During manager Arsène Wenger’s tenure, his teams have displayed a tendency to surge in the final months of league campaigns. As Amy Lawrence explains in “Arsenal Could Be Blown All the Way to Glory by Trademark Second Wind,” Wenger’s title-winning sides went on long successful runs, sometimes overhauling league leaders, in the second halves of seasons.
Indeed, in the past 10 seasons, only twice have Arsenal have dropped spots in the table during a season’s second half--in 2013-14, when the Gunners fell from first to fourth, and in 2007-08, when they dropped from first to third. On three occasions, Arsenal maintained its league position, and five times the club moved up the table.
After 19 matches of the current season, having played each league opponent once, Arsenal were top of the league. A month later, they sit third, three points behind leaders Leicester City.
The midweek date with Southampton looks like the moment to commence the characteristic charge. A victory here would also follow Arsenal’s odd and arbitrary, on-again-off-again pattern of monthly results. The Gunners went unbeaten in the league in October, then won none of their three league matches in November. December brought four wins in five, followed by a January in which the only league victory (in four matches) came on the 2nd of the month against Newcastle.
It’s also a potential watershed match because Southampton have posed Arsenal difficulty in recent years. There’s of course the 4-0 loss at Saint Mary’s on Boxing Day, following other lackluster showings on the South Coast. At home, Arsenal haven’t exactly overwhelmed the Saints, either, needing a late Alexis strike to see off the visitors last season and an 86th-minute Olivier Giroud penalty to secure three points the season before.
Expect this to be another tight affair. After a shaky period, Southampton appear to have sorted out the defensive issues. The Saints have held Manchester United, West Bromwich Albion, and Watford scoreless in their last three league fixtures. Those performances—and the way they shut out Arsenal in December—will probably serve as the model for Tuesday’s game plan.
The difference this time out is that Southampton won’t be able to concentrate so much attention on Mesut Özil. In the previous fixture, Southampton’s Jordy Clasie man-marked Arsenal’s playmaker and creative hub, while defensive midfield partner Victor Wanyama controlled everything else.
The return of Alexis Sanchez, whose hamstring injury preventing him from playing in December, poses problems for Southampton’s approach. If the Saints focus too much on Özil, Alexis could find more room to drive at goal. He’ll also help Arsenal harry the opposition defenders, increasing the likelihood of turnovers that he and Özil can quickly turn into threats.
Arsenal executed a similar plan to perfection against Manchester United in early October. There’s evidence that Southampton’s defenders are just as susceptible to such aggressive pressing: Pressing sides Tottenham and Liverpool both overwhelmed the Saints on their home ground in December.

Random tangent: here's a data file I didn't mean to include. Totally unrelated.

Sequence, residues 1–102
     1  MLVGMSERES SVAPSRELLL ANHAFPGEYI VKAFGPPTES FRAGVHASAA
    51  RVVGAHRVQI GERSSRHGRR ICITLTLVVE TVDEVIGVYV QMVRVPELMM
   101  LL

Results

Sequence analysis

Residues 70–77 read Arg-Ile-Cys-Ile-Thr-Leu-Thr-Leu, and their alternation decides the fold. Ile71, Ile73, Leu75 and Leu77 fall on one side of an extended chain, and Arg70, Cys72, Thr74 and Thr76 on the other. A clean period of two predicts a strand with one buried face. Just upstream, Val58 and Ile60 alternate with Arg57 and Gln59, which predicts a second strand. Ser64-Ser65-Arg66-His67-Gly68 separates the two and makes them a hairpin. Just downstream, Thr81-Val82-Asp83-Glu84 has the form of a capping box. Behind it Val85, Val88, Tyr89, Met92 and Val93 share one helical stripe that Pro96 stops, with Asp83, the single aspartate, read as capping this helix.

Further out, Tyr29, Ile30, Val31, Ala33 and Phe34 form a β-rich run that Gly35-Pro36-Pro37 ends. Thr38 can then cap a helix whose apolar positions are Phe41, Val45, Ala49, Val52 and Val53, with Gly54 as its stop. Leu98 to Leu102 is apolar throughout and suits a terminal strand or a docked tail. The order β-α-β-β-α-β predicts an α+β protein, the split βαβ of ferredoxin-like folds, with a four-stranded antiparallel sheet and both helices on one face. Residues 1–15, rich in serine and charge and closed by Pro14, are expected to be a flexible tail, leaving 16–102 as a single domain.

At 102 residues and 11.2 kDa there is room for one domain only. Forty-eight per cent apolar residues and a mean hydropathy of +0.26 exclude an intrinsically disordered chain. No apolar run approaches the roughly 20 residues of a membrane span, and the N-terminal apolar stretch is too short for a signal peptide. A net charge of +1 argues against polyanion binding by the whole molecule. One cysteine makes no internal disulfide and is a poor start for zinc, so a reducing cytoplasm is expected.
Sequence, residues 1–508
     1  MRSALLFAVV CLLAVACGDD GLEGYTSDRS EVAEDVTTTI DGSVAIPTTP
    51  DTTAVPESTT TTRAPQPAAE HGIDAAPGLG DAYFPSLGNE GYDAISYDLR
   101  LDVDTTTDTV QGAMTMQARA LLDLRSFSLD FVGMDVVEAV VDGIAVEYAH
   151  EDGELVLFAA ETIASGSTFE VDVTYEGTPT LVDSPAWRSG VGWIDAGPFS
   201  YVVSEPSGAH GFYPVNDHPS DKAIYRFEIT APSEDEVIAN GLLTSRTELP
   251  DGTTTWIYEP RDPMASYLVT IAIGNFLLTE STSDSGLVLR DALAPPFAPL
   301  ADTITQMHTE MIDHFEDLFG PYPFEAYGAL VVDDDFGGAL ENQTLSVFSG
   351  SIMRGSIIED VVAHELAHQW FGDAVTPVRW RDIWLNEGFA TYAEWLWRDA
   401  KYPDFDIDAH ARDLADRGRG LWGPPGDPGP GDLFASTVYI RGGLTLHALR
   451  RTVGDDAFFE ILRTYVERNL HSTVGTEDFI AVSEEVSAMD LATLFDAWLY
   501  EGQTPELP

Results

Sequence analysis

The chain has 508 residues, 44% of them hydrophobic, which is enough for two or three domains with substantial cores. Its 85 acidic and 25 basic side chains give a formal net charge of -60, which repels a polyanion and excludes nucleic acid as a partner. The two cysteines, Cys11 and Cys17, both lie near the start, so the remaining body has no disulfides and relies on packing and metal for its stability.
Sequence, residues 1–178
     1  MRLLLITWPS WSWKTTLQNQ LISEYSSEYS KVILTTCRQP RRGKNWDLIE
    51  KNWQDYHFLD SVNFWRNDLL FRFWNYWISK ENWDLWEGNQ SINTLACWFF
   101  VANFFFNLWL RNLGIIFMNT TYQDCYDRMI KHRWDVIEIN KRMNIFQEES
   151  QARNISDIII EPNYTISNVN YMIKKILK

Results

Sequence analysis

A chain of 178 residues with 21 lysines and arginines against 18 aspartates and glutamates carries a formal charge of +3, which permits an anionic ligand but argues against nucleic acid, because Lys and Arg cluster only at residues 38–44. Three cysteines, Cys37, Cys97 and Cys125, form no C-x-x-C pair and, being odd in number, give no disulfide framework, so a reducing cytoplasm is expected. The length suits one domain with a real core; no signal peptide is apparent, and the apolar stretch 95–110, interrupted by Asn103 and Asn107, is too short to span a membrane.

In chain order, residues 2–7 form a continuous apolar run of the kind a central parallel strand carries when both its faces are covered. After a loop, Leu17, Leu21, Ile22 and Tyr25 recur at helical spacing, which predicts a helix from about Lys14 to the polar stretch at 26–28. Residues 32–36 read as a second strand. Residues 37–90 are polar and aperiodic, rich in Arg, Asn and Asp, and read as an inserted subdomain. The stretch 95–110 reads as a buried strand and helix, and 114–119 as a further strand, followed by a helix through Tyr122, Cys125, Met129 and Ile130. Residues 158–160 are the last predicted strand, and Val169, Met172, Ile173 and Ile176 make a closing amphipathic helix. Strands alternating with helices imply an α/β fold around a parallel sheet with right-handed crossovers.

A resurgence of similar energy levels and renewed focus from Arsenal, fueled by the returns of Alexis and Francis Coquelin, would change the dynamic on Tuesday. More to the point, these improvements would bode well for Arsenal’s three other important league fixtures in February and for the 11 subsequent contests to close the season.
Jordy Clasie and Victor Wanyama against Mesut Özil. Without dwelling on the result, the Arsenal players and coaching staff will have studied Southampton’s approach in December and noted the focus on Özil. The German playmaker will have devised ways to free himself or to use Southampton’s attention to provide more space and time to his teammates.
That’s a less complicated task in a home match than it is on the road, and teams that come to the Emirates planning to man-mark any member of the Arsenal midfield usually regret it. Making Southampton pay for that choice, should they make it, will be important for Arsenal on Tuesday.
Where to Worry
Southampton are dangerous with crosses, headers, and set pieces. They’re the league’s most prolific crossers, with 436 in 23 matches, they have headed in 10 goals to lead the league, and their 10 goals from non-penalty set pieces rank second. Arsenal’s center back pairing of Per Mertesacker and Laurent Koscielny will need to be attentive to this threat, and goalkeeper Petr Cech will need to continue his outstanding command of his penalty area.
Both these teams will put in maximum effort. Southampton have climbed to eighth position in the league and will try to advance further. Arsenal know the necessity of reasserting home dominance if their title challenge is to persist. A gritty battle in the midfield, decided by a moment of brilliance in the forward line, seems how this match is likely to unfold. In Alexis, Arsenal again have that difference maker in attack.
Players to Watch
Arsenal. Francis Coquelin. The Frenchman returned to action after a two-month layoff in Saturday’s FA Cup win over Burnley. He wasn’t in top form, as you’d expect, but his awareness and effort helped Arsenal largely control the midfield. Coquelin will be important in the same respect on Tuesday, and his lateral work should reduce Southampton’s threat from crosses. His relatively untried partnership with Aaron Ramsey in the center of the park will also be worth watching.
Southampton. Charlie Austin. The former Queens Park Rangers front man enjoyed a Southampton debut to remember last weekend, scoring the game-winning goal at Old Trafford as a substitute. If manager Ronald Koeman is reluctant to use regular starter Graziano Pellè after his three-week injury absence, Austin could lead the line; or he could come off the bench and pose a legitimate threat. After all, he scored both times Arsenal faced QPR last season.